In the latest issue of JCB, Strale et al. reveal that interactions between neighboring E-cadherin molecules help to strengthen their connection to the actin cytoskeleton and stabilize cell-cell contacts. As explained here, E-cadherin mutants unable to interact with other E-cadherin molecules in the same membrane can still form intercellular adherens junctions, but these junctions are weaker and cannot coordinate the movements of cells undergoing collective cell migration.
Donovan and Bretscher track the behavior of individual secretory vesicles in budding yeast in order to provide a timeline of the events involved in exocytosis. As detailed in this week’s In Focus, the researchers find that vesicles consistently tether to the bud cortex for 18 seconds before they fuse with the plasma membrane. This tethering period, which may allow cells to ensure vesicles are targeted to the right location, is regulated by the Rab GTPase Sec4p and the myosin motor Myo2p. The researchers also find that Myo2p dissociates from the vesicles about 4 seconds before fusion, in contrast to other components, such as the exocyst complex, that remain bound to vesicles until exocytosis is completed.
Nyathi and Pool describe how a chaperone complex called NAC helps ensure nascent polypeptides are correctly processed as they emerge from ribosomes. Many of the factors that modify, fold, or target nascent polypeptides bind to a particular region of ribosomes called the Universal Adaptor Site. As summarized here, Nyathi and Pool find that NAC regulates the competition between two processing factors: Map1, an enzyme that cleaves the N-terminal methionine off of most cytosolic proteins, and the SRP, which guides nascent secretory and membrane proteins to the ER. Moreover, NAC also prevents nascent secretory proteins from aggregating before they can be recognized by the SRP.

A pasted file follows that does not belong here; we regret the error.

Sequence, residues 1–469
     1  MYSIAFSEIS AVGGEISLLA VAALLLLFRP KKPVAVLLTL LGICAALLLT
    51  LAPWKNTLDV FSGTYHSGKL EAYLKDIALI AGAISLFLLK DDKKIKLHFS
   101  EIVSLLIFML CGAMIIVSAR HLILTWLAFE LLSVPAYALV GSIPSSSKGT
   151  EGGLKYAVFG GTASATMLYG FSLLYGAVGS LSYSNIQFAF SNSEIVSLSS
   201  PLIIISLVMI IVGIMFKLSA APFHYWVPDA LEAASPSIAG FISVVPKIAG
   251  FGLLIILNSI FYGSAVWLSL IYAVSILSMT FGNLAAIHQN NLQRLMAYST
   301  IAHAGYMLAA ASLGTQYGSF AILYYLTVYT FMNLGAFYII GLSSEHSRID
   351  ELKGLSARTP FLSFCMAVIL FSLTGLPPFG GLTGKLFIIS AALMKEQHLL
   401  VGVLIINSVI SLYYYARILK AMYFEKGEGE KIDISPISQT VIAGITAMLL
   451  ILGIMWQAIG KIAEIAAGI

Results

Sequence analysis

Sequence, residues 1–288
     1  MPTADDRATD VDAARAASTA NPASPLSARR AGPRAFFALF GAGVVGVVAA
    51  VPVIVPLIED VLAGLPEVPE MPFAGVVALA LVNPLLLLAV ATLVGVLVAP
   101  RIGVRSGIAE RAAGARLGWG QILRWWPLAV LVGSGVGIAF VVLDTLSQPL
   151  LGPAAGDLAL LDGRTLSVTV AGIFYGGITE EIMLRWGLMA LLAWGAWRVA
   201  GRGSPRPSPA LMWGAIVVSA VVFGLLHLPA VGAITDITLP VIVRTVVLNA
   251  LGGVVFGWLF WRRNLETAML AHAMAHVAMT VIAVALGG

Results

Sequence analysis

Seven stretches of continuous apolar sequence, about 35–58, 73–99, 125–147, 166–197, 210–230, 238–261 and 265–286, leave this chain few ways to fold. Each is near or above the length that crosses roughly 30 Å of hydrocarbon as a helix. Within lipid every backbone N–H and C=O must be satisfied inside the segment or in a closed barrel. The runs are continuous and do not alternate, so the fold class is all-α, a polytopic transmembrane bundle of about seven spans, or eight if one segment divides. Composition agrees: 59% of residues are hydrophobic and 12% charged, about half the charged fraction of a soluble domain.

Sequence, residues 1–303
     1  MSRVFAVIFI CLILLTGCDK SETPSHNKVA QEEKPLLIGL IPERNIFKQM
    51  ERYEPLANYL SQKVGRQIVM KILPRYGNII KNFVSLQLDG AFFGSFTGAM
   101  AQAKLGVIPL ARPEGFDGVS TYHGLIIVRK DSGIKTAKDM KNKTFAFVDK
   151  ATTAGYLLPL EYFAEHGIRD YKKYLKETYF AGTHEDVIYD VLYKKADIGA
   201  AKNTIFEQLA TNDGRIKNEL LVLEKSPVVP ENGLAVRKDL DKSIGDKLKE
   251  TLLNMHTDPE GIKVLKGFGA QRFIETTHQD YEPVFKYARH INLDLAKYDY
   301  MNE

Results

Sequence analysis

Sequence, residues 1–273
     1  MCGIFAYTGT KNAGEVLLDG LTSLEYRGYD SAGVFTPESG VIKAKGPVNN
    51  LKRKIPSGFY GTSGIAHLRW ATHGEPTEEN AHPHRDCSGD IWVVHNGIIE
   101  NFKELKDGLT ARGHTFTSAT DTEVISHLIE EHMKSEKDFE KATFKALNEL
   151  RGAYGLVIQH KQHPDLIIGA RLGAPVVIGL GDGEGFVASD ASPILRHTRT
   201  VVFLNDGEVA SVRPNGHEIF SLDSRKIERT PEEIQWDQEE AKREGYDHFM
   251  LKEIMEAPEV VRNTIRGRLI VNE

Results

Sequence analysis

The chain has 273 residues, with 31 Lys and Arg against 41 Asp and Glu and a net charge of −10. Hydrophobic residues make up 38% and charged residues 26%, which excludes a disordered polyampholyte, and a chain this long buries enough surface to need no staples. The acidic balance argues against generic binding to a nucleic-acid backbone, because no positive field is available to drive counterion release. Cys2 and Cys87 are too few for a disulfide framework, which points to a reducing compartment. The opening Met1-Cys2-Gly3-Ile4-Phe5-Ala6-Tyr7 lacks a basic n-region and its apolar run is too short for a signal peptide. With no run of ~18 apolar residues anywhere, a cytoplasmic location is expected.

Yan et al. describe how the deubiquitinating enzyme complex BRISC regulates the mitotic spindle assembly factor NuMA. In the absence of BRISC, mitotic cells form disorganized, multipolar spindles because ubiquitinated NuMA shows an increased association with two of its regulators, importin-beta and dynein. More here.
Elsewhere, Bamidele et al. describe how cells regulate the endocytic trafficking and function of the CXCR4 chemokine receptor, and Treuner-Lange et al. explain how a small GTPase combines with bacterial actin to regulate bacterial focal adhesions and motility. You can hear the senior authors of both papers discuss their findings in this month’s biobytes podcast. Listen below or subscribe in iTunes!
As always, there are plenty of other interesting papers for you to discover in this week’s issue. You can find them all by visiting our table of contents page here.
Cover image showing the localization of NuMA (green) in monopolar spindles in the presence (bottom) or absence (top) of BRISC subunits © 2015 Yan et al.